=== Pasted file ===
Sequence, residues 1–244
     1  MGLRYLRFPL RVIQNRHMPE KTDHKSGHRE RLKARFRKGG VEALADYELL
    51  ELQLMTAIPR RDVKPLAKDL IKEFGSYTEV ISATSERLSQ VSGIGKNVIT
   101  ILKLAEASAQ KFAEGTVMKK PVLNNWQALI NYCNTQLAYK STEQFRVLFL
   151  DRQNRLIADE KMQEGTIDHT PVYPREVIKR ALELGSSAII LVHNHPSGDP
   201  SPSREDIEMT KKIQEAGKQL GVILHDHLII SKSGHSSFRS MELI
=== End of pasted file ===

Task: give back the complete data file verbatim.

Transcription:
Sequence, residues 1–244
     1  MGLRYLRFPL RVIQNRHMPE KTDHKSGHRE RLKARFRKGG VEALADYELL
    51  ELQLMTAIPR RDVKPLAKDL IKEFGSYTEV ISATSERLSQ VSGIGKNVIT
   101  ILKLAEASAQ KFAEGTVMKK PVLNNWQALI NYCNTQLAYK STEQFRVLFL
   151  DRQNRLIADE KMQEGTIDHT PVYPREVIKR ALELGSSAII LVHNHPSGDP
   201  SPSREDIEMT KKIQEAGKQL GVILHDHLII SKSGHSSFRS MELI